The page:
For example, whilst US ‘supercarriers’ – with 80 warplanes and 5000 sailors – can dominate the narrow waters of the Persian Gulf, these 100,000-tonne behemoths are intensely vulnerable to hundreds of tiny Iranian attack drones – or a swarm of radio-controlled, fast-attack craft. The only remedy is lots of close-range defensive small calibre guns – and the chances are that some of the enemy will still get through. Half a dozen US $1000 missiles can easily disable a vessel costing US $50 billion. As the Americans say: ‘You do the math – go figure.’

Inevitably the market place has latched onto the commercial possibility of drones. Driven by a global increase in the use of mini-drones by terrorists and criminals, the anti-drone market is expected to grow to US $1.85 billion by 2024, according to the US business consulting firm, Grand View Research.

‘As drones become deadlier, stealthier, faster, smaller and cheaper, the nuisance and threat posed by them is expected to increase, ranging from national security to individual privacy,’ Grand View warns. ‘Keeping the above-mentioned threat in mind, there are significant efforts – both in terms of money and time – being invested in the development and manufacturing of anti-drone technologies.’ The Dutch have even trained eagles to attack drones.

Britain’s drone policy appears to be primarily defensive, as the RAF is well aware that the F-35 Lightning (at GBP £65 million a throw) is unlikely to be available in large numbers. Reaper drones and their UAV successors (at about GBP £14 million a copy) can offer a better bang for the taxpayers’ buck. In a speech at the Royal United Services Institute on 11 February 2019, UK Defence Secretary Williamson announced that the United Kingdom was ready to develop and deploy a swarm of drones before the year was out. ‘I have decided to develop swarm squadrons of network enabled drones capable of confusing and overwhelming enemy air defences,’ he said. ‘We expect to see these ready to be deployed by the end of this year [2019].’

This is interesting: it suggests a ‘weapons mix’, where drones accompany crewed fighters as robotic wing mates. It’s cheap – and the technology already exists in the US: for example, the manoeuvrable target drone developed by Kratos Defense & Security Solutions.

The danger, as ever in UK defence procurement, is that the dead hand of Ministry of Defence jobsworths will – once again – gold plate and change the specification, starve it of funds, double the cost and, finally, draft a rotten contract just in time for the next round of defence cuts.

But that’s another story …

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ISIS: The Final Countdown?

Winston Churchill once famously said, ‘battles are the punctuation marks of history.’ Well, we have just avoided a potentially disastrous ‘exclamation mark’ in the bloody history of the Middle East. Whilst the post-colonial Versailles settlement of 1919 is being brutally readjusted to take account of the harsh realities of today’s Muslim world, a major crisis has just been avoided. At Russia’s Black Sea resort of Sochi, Turkey and Russia have agreed to form a joint, demilitarised buffer zone around Syria’s embattled north-western province bordering Turkey: Idlib.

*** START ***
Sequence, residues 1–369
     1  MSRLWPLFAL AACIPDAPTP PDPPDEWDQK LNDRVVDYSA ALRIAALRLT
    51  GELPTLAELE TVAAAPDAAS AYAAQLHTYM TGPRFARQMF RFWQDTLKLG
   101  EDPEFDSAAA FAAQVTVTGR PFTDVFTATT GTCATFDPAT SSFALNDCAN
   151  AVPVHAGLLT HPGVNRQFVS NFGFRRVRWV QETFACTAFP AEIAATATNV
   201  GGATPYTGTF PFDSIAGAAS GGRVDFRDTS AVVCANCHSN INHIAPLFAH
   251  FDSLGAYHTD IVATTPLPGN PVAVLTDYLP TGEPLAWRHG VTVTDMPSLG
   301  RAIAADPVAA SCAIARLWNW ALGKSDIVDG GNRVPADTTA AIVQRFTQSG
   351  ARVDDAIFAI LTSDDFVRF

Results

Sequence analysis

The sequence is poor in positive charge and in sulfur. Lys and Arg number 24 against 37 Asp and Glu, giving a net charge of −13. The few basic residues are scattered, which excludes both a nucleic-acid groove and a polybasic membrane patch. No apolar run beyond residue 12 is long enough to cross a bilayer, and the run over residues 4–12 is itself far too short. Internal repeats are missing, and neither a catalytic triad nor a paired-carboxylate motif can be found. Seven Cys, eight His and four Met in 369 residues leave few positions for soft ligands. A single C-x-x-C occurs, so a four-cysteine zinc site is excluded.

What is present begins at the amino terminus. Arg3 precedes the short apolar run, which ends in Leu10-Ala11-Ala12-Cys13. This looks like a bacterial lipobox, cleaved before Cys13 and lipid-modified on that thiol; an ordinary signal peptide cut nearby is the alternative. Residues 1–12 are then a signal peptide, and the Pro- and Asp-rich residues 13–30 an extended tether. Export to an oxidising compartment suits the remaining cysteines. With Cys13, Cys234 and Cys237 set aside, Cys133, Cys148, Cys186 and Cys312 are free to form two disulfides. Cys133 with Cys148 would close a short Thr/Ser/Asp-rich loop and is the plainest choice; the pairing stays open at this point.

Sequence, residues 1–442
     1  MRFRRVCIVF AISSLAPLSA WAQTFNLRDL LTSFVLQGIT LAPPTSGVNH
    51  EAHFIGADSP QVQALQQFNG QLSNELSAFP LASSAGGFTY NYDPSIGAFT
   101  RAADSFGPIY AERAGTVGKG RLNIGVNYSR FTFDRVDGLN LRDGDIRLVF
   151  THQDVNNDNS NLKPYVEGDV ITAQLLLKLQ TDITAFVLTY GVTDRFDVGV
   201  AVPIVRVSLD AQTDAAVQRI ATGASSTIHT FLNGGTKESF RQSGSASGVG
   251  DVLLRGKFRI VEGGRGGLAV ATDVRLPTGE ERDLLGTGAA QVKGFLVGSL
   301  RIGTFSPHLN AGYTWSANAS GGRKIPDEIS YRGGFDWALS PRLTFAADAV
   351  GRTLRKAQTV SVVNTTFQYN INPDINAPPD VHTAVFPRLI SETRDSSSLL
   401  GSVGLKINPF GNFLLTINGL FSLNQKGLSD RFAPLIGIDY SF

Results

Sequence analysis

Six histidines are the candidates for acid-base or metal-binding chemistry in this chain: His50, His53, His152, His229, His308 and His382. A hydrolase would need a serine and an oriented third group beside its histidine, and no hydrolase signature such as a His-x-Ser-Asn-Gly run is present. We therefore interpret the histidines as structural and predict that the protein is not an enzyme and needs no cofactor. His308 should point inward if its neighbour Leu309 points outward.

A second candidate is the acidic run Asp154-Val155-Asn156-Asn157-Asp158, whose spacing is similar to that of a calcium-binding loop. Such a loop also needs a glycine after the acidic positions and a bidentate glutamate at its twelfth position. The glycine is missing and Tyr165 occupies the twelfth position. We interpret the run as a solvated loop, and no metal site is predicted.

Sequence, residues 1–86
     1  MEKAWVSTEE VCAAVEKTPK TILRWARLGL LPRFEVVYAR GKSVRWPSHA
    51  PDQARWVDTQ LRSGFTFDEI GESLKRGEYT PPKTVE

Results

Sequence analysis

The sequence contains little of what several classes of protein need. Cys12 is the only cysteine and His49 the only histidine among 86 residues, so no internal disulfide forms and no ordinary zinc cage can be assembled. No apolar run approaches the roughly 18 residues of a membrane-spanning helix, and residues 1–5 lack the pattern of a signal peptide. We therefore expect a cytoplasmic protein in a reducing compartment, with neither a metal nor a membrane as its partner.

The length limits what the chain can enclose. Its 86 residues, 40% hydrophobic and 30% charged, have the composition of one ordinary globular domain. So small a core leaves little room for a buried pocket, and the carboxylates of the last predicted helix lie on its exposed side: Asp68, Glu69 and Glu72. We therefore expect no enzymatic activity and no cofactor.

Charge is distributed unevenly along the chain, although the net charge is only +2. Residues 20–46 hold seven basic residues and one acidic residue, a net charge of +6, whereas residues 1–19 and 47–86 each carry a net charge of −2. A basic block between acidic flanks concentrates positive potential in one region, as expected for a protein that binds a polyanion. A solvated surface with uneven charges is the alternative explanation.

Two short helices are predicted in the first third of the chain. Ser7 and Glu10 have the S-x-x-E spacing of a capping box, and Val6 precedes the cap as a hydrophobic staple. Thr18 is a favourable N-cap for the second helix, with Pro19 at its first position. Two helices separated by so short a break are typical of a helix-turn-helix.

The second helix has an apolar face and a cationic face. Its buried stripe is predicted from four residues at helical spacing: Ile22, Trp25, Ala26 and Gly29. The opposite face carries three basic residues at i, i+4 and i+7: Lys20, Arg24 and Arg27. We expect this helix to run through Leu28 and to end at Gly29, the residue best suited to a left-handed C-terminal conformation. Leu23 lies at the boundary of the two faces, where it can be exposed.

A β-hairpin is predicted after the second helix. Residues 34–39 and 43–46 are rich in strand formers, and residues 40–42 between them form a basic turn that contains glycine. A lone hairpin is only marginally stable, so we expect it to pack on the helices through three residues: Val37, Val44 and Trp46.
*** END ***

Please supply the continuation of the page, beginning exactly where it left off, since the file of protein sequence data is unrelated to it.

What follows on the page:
This agreement defuses a growing crisis between Ankara and Moscow by preventing any major Russian-backed government offensive from exploding into ISIS’s final rebellious Syrian redoubt. However, significant obstacles remain; Idlib could still become a flash point.

The problem is that the Middle East is as much of an unexploded bomb today as Europe was in 1914. Sunni Saudi Arabia hates Iran, and Shi’a Iran loathes the Saudis. Shi’ite Assad’s remaining chunk of Syria is the close ally of Iran. Behind the Saudis stand the USA, Britain and France. Behind the Iranians stand the Russians, sometimes the Turks, ever keen to obliterate the Kurds, and perhaps China – and watching nervously from its ringside seat is Israel.

For the past ten years we have all been living with this savage struggle to the death. Muslim has been slaughtering Muslim, all in the name of the Prophet of the religion of Peace and Love – ‘May his name be blessed.’ Now this round is nearly over; or is it?

The Turkish-Russian Sochi deal has been welcomed by all sides as an opportunity to avert the suffering that any major offensive would inflict on the province’s 3 million civilians. UN Secretary-General António Guterres welcomed the agreement, saying that the ‘creation of a buffer zone in Syria’s rebel-held Idlib province should avert an all-out military assault and provide reprieve for millions of civilians.’

It would also avoid the heavy losses that would be incurred by government forces in launching the biggest battle yet of the Syrian war against the cornered rebels. Turkey, the UN and aid groups have warned that any major assault by Russian and government forces backing President Bashar al-Assad against the trapped rebel fighters would lead to a massacre. It could also send 800,000 new refugees fleeing across the border into an already overwhelmed Turkey.

Many of the civilians in Idlib are already refugees from other parts of Syria following the collapse of the opposition resistance in cities such as Aleppo. The consequences of an all-out offensive against Idlib with its hapless civilians and the risk of Turkish troops fighting Russians could have led to a bloodbath.